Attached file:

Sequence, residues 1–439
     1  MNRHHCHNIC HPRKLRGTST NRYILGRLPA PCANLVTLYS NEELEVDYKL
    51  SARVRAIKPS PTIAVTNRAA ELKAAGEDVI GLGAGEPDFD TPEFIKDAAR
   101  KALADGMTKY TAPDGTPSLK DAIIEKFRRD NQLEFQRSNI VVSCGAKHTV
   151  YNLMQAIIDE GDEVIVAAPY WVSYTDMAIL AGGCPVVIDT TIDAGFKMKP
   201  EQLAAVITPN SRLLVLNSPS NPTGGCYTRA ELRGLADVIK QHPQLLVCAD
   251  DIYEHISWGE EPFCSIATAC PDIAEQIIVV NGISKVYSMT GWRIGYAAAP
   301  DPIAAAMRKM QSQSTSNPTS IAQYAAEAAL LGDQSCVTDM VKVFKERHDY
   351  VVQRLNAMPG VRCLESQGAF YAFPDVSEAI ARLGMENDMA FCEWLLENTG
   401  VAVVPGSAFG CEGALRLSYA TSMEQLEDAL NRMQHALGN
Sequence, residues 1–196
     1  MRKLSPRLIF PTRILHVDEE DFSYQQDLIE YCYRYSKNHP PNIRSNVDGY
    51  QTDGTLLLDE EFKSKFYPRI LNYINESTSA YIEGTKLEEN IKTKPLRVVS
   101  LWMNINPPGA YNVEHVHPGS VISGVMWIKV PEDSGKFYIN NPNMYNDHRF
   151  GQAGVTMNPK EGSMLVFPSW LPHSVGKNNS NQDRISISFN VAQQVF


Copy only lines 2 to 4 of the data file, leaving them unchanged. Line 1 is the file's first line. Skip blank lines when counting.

     1  MNRHHCHNIC HPRKLRGTST NRYILGRLPA PCANLVTLYS NEELEVDYKL
    51  SARVRAIKPS PTIAVTNRAA ELKAAGEDVI GLGAGEPDFD TPEFIKDAAR
   101  KALADGMTKY TAPDGTPSLK DAIIEKFRRD NQLEFQRSNI VVSCGAKHTV